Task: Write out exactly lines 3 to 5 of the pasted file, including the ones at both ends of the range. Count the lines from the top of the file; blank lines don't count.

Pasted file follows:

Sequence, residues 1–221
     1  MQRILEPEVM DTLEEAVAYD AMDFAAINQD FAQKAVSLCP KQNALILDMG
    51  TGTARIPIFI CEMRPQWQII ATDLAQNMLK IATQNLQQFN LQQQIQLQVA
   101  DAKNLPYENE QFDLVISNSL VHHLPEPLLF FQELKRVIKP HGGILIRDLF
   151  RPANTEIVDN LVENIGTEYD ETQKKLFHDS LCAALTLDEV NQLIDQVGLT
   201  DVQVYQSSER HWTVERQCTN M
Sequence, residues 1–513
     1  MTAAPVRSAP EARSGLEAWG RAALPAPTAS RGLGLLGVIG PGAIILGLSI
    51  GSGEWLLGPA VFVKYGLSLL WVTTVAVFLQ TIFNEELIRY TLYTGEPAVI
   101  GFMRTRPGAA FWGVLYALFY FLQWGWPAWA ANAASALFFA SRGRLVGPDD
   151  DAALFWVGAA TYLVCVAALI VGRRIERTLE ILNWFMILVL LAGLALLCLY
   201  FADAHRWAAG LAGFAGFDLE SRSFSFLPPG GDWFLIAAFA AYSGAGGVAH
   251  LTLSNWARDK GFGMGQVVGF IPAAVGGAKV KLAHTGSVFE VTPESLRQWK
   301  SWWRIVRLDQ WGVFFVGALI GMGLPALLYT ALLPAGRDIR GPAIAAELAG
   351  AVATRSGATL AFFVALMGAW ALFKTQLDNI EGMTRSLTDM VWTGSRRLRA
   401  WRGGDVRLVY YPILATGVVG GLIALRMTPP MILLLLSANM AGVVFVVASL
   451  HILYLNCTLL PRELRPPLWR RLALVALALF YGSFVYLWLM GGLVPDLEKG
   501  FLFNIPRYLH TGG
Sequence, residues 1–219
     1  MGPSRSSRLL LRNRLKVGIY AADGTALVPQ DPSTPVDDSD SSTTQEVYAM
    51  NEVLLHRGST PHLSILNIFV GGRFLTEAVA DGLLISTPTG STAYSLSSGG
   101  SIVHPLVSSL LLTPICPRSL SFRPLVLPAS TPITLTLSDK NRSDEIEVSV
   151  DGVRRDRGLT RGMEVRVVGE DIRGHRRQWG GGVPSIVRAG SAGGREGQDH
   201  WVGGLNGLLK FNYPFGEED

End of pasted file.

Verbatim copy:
    51  TGTARIPIFI CEMRPQWQII ATDLAQNMLK IATQNLQQFN LQQQIQLQVA
   101  DAKNLPYENE QFDLVISNSL VHHLPEPLLF FQELKRVIKP HGGILIRDLF
   151  RPANTEIVDN LVENIGTEYD ETQKKLFHDS LCAALTLDEV NQLIDQVGLT